The Occupational Safety and Health Act of 1970 was passed to prevent workers from being harmed in the workplace. It is administered by the Occupational Safety and Health Administration (OSHA), a federal government agency that sets forth and enforces workplace health and safety rules.
There are four types of OSHA workplace violations: Willful, Serious, Repeated and Other-than-serious. Depending on the type of violation, an employer may face severe penalties for a violation. Most employers are required to prominently display a poster in the workplace advising of their OSHA responsibilities and workers’ rights. Even failing to display such a poster may be a violation.
The most common violations relate to industrial accidents. When an employer violates these safety regulations, very serious injuries, even death, may occur. The four most common OSHA violations relate to:
Fall Protection: Workers working at levels six feet and above must be provided with some type of fall protection.
Machine Guarding: Moving machine parts must guarded to prevent injuries to workers.
Powered Industrial Trucks: These sort of vehicles include fork lifts, tractors, lift trucks and the like. The vehicles must have safety measures in place, for instance, backing lights and horns, to prevent serious injury to those persons working around the vehicles.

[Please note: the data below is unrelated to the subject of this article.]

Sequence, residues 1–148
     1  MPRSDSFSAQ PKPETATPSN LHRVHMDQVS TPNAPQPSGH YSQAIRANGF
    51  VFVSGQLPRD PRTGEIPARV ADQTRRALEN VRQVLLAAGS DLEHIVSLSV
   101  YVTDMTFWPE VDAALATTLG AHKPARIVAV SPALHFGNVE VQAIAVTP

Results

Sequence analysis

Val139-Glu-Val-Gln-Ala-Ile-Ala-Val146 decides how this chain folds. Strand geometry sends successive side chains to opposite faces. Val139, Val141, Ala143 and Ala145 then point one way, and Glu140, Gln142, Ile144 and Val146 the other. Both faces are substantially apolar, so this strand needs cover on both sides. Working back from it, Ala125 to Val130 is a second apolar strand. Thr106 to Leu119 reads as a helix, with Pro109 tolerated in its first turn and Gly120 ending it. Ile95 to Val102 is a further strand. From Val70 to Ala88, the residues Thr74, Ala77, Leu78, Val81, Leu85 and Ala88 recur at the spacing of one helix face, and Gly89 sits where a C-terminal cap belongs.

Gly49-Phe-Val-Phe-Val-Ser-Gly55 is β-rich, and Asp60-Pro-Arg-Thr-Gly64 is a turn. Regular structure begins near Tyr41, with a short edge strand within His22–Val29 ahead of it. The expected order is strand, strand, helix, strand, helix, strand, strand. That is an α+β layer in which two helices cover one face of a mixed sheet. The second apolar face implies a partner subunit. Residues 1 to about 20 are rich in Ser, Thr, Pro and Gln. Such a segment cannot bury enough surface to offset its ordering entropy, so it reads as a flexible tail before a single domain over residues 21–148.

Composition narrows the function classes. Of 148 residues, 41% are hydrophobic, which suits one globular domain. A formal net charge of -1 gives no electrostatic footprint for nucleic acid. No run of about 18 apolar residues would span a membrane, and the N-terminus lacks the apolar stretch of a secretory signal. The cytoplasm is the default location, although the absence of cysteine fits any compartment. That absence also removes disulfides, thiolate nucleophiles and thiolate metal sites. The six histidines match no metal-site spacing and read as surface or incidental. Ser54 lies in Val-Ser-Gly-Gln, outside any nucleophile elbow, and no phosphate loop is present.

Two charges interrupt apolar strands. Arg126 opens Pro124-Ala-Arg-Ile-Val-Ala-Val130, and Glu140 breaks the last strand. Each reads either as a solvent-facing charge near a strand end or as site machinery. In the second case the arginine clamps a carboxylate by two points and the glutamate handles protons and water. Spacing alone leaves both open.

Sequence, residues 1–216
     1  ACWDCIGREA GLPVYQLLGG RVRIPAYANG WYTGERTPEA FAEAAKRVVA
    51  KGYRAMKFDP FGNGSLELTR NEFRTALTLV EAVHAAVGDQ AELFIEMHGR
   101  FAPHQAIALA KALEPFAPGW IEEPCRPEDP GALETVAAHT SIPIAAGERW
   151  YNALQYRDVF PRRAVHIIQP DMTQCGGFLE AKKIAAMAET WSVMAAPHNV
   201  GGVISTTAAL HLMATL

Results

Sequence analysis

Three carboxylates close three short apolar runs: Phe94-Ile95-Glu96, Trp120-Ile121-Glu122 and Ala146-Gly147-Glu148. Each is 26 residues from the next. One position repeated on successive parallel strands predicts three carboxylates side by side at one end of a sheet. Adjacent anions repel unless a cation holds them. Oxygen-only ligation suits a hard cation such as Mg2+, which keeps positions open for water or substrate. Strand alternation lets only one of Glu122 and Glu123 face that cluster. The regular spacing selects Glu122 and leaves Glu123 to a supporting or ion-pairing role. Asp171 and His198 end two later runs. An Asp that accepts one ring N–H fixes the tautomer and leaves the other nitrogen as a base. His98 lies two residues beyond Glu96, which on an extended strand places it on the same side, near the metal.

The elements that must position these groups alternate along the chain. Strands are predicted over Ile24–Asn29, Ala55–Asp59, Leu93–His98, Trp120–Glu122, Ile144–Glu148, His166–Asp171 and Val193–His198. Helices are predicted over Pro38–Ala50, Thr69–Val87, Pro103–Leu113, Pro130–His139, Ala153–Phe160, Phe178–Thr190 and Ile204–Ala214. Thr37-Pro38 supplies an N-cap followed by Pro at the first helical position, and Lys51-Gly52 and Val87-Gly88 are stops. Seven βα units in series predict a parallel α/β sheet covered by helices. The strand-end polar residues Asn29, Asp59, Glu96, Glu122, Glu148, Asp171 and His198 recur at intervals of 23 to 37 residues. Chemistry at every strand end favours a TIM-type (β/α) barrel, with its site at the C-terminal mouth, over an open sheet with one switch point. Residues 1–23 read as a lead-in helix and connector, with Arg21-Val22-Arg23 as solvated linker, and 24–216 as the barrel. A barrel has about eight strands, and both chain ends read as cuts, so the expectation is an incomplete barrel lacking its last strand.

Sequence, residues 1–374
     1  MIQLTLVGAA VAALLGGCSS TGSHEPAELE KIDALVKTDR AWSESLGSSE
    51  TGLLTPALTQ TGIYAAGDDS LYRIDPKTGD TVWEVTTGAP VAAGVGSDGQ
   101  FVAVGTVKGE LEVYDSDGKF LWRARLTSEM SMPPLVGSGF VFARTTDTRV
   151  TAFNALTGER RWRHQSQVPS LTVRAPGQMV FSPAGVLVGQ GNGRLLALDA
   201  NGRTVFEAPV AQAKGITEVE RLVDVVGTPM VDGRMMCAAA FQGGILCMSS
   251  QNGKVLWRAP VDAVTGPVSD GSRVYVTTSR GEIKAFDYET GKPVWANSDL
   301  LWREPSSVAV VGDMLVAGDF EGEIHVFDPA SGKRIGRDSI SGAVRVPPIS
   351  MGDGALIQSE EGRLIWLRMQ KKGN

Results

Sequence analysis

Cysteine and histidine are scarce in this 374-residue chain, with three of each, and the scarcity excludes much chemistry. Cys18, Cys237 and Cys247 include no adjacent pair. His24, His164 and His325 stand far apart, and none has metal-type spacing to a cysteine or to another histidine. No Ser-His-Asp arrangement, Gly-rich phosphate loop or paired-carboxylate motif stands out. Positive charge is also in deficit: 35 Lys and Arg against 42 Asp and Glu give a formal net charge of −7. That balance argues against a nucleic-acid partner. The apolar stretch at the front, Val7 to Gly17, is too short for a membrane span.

Ladders: OSHA provides specific regulations regarding the design and use of ladders in the workplace.
If you believe that a violation has occurred or even that you are working in an unsafe environment, you may make a confidential complaint to OSHA. In some cases, this will trigger a swift OSHA inspection of your workplace. If a violation if found, an employer may face monetary penalties and of course be required to promptly fix the problem. OSHA regulations also allow employees to request information from their employers regarding workplace health and safety hazards. This might include information about chemicals used in the workplace, potentially harmful radiation or noise levels.
You should also be aware that if work-related fatality does occur, OSHA regulations require that it be reported to the nearest OSHA office within eight hours. If a work-related injury results in eye loss, amputation, and hospitalization, these incidents must be reported within twenty-four hours.
If you have been injured at work or have questions about whether you should report an unsafe working environment to OSHA, contact Dworken & Bernstein at (440) 946-7656 to speak directly to one of our Workers’ Compensation attorneys.